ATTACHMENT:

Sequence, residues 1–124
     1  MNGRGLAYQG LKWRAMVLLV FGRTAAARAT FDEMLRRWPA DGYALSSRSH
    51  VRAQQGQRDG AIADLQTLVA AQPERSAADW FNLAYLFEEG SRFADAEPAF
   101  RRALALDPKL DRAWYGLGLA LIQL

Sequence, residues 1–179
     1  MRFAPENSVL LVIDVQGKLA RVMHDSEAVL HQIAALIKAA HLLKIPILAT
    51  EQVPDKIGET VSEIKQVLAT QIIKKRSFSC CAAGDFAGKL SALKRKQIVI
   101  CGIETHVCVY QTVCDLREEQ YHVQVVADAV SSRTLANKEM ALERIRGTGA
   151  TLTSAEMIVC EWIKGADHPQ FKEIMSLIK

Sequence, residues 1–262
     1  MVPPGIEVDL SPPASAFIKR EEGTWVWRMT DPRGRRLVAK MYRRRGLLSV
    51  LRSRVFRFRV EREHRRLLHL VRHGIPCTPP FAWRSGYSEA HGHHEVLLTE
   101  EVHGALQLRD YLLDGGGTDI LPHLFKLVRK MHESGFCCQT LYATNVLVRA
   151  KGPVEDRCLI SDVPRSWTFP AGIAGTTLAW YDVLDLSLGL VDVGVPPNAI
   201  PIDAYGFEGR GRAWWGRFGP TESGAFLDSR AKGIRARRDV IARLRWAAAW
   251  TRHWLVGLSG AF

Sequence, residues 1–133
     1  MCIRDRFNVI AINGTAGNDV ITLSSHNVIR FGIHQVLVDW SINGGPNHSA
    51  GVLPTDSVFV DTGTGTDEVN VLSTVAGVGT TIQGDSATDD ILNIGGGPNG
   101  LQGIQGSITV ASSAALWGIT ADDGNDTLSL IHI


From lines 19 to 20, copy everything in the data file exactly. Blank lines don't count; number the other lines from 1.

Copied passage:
    51  GVLPTDSVFV DTGTGTDEVN VLSTVAGVGT TIQGDSATDD ILNIGGGPNG
   101  LQGIQGSITV ASSAALWGIT ADDGNDTLSL IHI